1. Consider yourself an information source. Legislators have limited time, staff, and interest on any one issue. They can’t be as informed as they might like on all the issues – or the ones that concern you. You can fill the information gap.
2. Tell the truth. There is no faster way to lose your credibility than to give false or misleading information to a legislator.
3. Know who else is on your side. It is helpful for a legislator to know what other groups, individuals, state agencies and/or legislators are working with you on an issue.
4. Know the opposition. Anticipate who the opposition will be – organized or individual. Tell the legislator what their arguments are likely to be and provide them with answers and rebuttals to those arguments.
5. Make the legislator aware of any personal connection you may have. No matter how insignificant you may feel it is, if you have friends, relatives, and/or colleagues in common, LET THEM KNOW. Our legislative process is very informal and though it may make no difference in your effectiveness, it may make the difference.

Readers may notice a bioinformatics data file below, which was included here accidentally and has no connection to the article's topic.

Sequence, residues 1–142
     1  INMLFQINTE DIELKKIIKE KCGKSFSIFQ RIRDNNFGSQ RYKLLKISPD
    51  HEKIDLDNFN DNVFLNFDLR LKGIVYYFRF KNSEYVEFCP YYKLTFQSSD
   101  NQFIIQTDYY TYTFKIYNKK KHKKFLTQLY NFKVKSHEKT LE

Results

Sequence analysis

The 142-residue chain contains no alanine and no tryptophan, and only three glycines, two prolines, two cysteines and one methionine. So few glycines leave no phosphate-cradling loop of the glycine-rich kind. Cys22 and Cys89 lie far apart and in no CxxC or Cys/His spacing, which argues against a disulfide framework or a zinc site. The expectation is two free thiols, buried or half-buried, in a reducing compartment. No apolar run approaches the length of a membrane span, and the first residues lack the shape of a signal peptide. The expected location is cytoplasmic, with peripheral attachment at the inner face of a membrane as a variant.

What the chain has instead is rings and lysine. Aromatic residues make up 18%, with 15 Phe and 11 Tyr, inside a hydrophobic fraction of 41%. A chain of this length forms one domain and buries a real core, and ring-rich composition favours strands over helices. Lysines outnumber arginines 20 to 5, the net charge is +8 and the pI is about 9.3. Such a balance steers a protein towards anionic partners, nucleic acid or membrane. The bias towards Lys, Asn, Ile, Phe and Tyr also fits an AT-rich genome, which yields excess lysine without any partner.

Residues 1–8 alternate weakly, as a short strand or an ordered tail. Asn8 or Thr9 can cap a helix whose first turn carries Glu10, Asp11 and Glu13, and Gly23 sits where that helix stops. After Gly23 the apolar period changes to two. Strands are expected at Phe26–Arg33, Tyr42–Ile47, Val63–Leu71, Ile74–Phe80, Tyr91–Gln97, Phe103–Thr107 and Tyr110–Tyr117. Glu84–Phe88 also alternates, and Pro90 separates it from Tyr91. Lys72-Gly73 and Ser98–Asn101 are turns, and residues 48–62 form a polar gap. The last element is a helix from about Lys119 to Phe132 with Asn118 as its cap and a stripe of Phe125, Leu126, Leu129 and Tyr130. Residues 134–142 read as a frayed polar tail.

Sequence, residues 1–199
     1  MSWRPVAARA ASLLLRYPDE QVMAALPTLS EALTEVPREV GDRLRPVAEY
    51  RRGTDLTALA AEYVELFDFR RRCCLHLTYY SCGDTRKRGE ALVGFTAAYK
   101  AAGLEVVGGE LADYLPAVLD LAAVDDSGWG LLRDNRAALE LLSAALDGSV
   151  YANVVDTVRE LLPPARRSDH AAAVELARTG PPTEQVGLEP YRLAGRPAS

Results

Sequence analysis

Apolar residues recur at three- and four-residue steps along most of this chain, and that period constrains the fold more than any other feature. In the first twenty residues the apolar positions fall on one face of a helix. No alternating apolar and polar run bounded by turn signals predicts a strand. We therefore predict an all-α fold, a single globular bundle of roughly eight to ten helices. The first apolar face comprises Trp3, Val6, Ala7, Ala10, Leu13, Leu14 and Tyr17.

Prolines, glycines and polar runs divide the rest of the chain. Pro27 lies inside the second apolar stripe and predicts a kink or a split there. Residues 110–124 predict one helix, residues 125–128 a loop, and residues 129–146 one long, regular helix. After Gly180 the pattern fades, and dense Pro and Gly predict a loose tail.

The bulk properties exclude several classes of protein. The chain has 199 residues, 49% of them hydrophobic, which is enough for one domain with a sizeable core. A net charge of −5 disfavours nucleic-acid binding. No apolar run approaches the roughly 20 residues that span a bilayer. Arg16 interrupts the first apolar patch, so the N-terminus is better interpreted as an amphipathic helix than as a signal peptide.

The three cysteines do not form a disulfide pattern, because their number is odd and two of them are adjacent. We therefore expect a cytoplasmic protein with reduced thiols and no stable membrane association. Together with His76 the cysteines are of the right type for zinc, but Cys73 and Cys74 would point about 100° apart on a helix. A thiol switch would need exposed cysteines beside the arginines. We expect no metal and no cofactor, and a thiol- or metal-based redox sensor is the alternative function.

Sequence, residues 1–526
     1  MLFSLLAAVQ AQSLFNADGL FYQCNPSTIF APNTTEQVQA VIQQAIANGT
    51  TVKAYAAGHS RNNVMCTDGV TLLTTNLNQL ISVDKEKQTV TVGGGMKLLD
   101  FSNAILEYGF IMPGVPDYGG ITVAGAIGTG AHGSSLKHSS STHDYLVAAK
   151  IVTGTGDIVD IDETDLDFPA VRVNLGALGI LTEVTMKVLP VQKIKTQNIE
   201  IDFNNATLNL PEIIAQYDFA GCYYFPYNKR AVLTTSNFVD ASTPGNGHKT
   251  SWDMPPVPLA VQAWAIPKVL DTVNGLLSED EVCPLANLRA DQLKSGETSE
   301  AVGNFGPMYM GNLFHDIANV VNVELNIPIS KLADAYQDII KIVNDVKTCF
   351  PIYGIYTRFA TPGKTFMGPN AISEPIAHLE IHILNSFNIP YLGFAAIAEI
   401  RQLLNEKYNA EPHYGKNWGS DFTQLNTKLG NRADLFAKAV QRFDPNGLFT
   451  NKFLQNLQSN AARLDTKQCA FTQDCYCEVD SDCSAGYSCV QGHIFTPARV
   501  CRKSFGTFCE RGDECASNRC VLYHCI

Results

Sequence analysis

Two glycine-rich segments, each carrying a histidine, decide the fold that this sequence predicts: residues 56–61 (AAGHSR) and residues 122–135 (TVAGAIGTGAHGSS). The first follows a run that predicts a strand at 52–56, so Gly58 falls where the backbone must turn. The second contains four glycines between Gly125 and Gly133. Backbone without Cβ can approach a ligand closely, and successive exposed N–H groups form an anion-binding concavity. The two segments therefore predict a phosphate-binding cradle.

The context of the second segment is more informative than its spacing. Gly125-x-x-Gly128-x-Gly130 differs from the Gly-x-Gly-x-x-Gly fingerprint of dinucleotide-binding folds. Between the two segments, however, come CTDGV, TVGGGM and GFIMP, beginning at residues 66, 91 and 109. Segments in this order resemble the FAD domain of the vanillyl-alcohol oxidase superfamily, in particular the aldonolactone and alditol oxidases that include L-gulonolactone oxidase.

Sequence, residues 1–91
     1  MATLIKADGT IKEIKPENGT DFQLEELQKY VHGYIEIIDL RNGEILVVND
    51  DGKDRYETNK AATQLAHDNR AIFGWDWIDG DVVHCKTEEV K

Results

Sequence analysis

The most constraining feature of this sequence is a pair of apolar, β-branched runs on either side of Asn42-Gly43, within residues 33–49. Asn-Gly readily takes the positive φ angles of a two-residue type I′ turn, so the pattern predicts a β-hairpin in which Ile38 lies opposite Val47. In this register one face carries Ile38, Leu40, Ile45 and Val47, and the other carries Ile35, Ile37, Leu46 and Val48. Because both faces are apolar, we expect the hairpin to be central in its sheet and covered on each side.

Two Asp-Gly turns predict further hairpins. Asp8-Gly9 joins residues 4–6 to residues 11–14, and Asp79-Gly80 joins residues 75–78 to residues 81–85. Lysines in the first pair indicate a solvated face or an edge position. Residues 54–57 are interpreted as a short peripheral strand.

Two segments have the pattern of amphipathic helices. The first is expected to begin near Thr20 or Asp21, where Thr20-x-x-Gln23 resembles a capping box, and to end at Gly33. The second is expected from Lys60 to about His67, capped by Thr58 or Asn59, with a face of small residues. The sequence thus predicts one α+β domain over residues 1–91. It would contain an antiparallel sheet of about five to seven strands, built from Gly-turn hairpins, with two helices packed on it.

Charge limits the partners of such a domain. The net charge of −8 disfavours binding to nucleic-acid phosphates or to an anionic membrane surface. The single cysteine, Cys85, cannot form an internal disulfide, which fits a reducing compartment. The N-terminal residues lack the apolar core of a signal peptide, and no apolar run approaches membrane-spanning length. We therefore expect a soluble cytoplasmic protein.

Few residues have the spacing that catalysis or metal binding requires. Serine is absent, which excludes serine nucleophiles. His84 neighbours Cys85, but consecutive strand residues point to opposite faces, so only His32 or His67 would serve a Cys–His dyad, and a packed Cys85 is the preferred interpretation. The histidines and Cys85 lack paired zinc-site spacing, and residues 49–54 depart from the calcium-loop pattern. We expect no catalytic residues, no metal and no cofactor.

6. Don’t be afraid to admit you don’t know something. If the legislator wants information you don’t have, or asks something you don’t know, tell them and then offer to get the information they are looking for.
7. Be specific about what you are asking for. If you want a vote, information, answers to a question – whatever it is – make sure you ask directly and get an answer.
8. Follow up. It is very important to find out if your legislator did what he/she said they would. It is very important that you then thank them if they did, or ask them for an explanation as to why they did not vote as they said they would, etc…